She rolled her eyes as another one of her cabin mates tried to stifle sobs. She couldn’t believe she had to stay at this horrible camp all summer! Her stomach growled. As she stepped toward her trunk for a forbidden snack, she tripped on a loose board. Curious, she leaned over to peek between the cracks, and saw…

(Entries must touch on the topic in some way to qualify.)

The Golden Hind bobbed lazily on the open sea, the waves lapping her faded red paint at the waterline in a seemingly gentle caress of clemency. The ship at last had come to a stretch of dead calm, the weary crew unsure if this was any better than the violent storm that just hours before had threatened to send the ship to the bottom of the ocean. For now, their progress had come to a halt along with the precious cargo they carried below deck.

Beatriz was the first to feel somewhat better, looking around at the other women, some sobbing softly, some still retching in anguish. She adjusted her eyes to the dim, gray light coming from somewhere above and saw that the six of them had been cast into the stinking hold of the ship among the barrels of wine, apples, and salted cod. Was it only yesterday that she and the others had been laughing merrily aboard the Nuestra Senora de la Concepcion on their way to Peru, along with its opulent riches ñ nearly six tons of Spanish gold and treasures? The women were to join the royal ladies in waiting, spending the summer at the Peruvian Palace and perhaps meeting a gentleman of rank with which to marry.

Now this was not to be. El Capitan of this miserable vessel was a man Beatriz heard called Sir Francis Drake and he had captured their precious Spanish ship mid-voyage along with all its cargo and riches, sparing only the women now held captive here below. Beatriz could see the vast trunks of coins and treasure, wondering why they had not all sunk to the sea floor by the weight of plunder alone.

“Querido Dios,” Senora Sancha cried, clutching her fifteen-year-old daughter, Lucia, to her bosom. “What is to become of us?”

“I’m thirsty and hungry,” Margarita coughed, sitting up at last, her eyes glassy from dizziness and dehydration.

Beatriz stood, clutching a wooden beam for balance. “Quiet, now,” she told the women, and listened to the sounds above them. She heard arguing and the pounding of running feet on the ship’s upper deck. The crew was yelling at one another in a language she did not understand. “They will not bother with us for now. Margarita, Isabel, let us all drink from that cask of wine. It will ease our sickness and quench our thirst,” and the two began passing around a tin cup of sangria to each of the other women. Beatriz drank thirstily, and then opening a barrel, passed each of them a salted fish. Only Catalina, still retching weakly, refused to eat.

At that moment, the hatch above opened suddenly and heavy black boots descended the narrow steps down into the hold. In a moment, a man stood before them, the one Beatriz recognized as the leader of this pirate expedition. She stood bravely before him and glared with eyes full of loathing. But her heart beat heavily and hard in her breast at the handsomeness she had not previously observed. He laughed at her then, white teeth flashing, a lock of his dark, curly hair falling across his sea-tanned forehead. He looked much younger than she had assumed.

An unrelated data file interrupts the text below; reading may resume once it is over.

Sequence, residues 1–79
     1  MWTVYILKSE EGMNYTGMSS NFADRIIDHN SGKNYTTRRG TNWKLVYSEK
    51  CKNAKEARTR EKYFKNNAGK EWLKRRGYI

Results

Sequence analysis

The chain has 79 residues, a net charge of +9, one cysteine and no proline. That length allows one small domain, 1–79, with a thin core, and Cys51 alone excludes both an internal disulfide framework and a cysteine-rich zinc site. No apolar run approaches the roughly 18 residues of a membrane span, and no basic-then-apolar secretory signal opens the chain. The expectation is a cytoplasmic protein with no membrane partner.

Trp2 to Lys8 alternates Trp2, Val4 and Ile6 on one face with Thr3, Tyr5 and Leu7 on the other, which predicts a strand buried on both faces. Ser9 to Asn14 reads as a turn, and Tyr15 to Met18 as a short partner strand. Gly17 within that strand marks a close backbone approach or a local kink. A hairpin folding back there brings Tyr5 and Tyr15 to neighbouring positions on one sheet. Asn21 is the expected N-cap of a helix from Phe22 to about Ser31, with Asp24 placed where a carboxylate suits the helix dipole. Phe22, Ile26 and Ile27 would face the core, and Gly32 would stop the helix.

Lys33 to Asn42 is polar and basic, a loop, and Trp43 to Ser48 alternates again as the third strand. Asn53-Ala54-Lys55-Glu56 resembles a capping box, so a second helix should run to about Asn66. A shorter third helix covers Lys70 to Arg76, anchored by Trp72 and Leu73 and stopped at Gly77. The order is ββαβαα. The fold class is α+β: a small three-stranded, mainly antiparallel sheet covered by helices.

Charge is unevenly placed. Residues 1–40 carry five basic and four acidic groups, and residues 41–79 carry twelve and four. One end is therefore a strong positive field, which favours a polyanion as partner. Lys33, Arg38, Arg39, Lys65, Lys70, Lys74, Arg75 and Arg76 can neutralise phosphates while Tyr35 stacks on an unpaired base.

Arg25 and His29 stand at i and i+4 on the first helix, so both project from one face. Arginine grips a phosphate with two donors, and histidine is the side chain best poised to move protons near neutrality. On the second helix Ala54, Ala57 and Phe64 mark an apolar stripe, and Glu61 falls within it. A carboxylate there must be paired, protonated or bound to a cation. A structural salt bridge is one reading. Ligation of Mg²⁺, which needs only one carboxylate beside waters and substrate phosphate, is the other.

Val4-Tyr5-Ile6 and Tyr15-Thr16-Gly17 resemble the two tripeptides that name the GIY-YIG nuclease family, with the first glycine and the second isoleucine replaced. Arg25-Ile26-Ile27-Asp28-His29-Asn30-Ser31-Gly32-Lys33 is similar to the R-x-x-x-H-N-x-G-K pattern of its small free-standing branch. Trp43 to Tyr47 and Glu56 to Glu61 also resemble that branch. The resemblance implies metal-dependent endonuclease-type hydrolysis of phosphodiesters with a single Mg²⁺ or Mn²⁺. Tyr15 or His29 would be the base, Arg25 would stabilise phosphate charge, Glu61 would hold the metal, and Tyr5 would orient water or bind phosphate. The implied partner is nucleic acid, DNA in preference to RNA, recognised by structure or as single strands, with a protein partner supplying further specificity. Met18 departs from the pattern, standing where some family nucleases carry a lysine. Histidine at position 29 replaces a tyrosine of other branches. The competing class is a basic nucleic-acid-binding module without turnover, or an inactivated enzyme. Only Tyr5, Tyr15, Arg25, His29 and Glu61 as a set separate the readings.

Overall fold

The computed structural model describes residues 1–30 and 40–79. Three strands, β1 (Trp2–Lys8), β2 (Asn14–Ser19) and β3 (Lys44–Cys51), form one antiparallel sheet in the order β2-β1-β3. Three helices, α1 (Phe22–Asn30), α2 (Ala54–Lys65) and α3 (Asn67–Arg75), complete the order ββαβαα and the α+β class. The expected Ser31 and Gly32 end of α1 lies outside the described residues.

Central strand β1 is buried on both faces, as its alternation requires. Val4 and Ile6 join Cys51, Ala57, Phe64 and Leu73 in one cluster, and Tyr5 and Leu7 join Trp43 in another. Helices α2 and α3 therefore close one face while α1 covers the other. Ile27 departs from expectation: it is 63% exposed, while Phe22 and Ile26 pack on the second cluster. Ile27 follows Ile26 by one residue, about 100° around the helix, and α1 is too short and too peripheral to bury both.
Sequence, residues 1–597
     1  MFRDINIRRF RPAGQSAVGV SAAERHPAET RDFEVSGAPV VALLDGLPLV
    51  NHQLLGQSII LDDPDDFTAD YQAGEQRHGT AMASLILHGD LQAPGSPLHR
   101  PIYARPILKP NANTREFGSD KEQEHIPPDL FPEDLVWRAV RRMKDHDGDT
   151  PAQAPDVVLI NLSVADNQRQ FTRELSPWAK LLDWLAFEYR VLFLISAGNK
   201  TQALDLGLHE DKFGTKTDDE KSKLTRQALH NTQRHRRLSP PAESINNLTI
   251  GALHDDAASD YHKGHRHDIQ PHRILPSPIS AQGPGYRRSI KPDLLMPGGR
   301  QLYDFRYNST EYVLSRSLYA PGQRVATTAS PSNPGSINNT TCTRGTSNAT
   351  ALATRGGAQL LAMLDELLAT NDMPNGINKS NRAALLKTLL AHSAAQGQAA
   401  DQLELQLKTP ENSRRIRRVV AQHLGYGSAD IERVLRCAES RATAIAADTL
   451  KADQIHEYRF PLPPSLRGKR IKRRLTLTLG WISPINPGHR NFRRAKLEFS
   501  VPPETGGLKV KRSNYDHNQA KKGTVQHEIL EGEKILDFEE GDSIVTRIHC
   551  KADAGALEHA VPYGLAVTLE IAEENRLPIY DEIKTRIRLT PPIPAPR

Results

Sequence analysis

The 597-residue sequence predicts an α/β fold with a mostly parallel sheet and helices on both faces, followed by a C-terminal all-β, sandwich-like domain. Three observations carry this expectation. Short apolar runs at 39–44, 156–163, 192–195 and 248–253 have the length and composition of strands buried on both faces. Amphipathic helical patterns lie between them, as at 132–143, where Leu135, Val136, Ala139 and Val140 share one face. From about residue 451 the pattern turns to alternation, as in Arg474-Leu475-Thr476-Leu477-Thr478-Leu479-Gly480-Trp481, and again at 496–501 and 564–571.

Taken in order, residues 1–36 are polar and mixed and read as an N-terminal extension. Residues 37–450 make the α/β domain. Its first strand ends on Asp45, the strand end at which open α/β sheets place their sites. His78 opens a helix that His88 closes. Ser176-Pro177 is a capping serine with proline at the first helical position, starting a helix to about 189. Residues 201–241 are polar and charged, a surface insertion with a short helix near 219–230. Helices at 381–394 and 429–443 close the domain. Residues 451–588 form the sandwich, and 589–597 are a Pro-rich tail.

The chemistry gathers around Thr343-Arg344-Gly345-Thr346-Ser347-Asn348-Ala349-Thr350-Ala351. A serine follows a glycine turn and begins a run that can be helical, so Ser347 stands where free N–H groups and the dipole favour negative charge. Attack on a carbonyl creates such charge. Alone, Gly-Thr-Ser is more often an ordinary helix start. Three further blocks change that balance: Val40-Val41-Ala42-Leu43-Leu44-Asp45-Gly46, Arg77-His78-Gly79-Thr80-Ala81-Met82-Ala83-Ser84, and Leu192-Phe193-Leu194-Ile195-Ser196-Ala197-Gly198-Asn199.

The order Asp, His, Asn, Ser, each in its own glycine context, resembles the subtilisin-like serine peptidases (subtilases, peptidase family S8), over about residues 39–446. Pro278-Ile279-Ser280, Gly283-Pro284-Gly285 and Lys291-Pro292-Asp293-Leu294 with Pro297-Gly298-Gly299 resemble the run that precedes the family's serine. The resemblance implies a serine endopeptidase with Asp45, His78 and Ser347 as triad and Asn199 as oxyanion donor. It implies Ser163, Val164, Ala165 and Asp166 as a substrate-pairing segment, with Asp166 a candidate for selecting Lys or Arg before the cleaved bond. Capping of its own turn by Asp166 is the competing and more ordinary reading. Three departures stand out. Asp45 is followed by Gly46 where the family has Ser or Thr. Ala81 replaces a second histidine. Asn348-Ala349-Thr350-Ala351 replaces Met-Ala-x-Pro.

Still her anger rose above her heart’s sudden passion and she spat out proud words that he could not understand, regaining the composure of her noble Spanish heritage. “You consider yourself a man of the world, an adventurer, highly esteemed by your English queen, but to me you are but a lowly sailor, a common sea dog ravishing the oceans for your own personal gain!”

“So very beautiful,” he said as if Beatriz had not spoken, and he reached out and drew his fingers through her long, black hair. At his touch a shiver ran down Beatriz’ spine and she silently cursed herself for her weakness. “Bonita flor, like a beautiful flower,” and to add to her shame, she blushed. “Of all the stolen riches I have here on my ship, you are by far the most exquisite.”

He turned, then, as if noticing for the first time the other ladies aboard, who shrank back at his stare. “I see you have helped yourself to some food and drink. My men will be down shortly to get some food for themselves.” He paused, toying with his long mustache. “I hope you will not … disappoint.” And gazing lustily at Beatriz, turned on his heel and mounted the steps, leaving them all once again in dusky darkness, each wondering what it was he had said.

A sudden ocean swell unexpectedly pulled Beatriz off balance and her slipper caught on the edge of a loose plank in the floor. Fallen onto her hands and knees she noticed a split in the plank leaving a gap that opened into a space below. Something red glowed faintly in the half light and reaching her thin arm through the crack, retrieved the object into her delicate hand.

“Bonita flor,” she whispered, carefully holding the cluster of deadly oleander in her palm. She guessed it must have clung to the barrel of apples when it was loaded onto the ship and had fallen between the planks. She pulled off a flower for each of them. “Eat,” she instructed, tears filling her eyes, but secretly let her own fatal flower drop back down through the crack in the plank.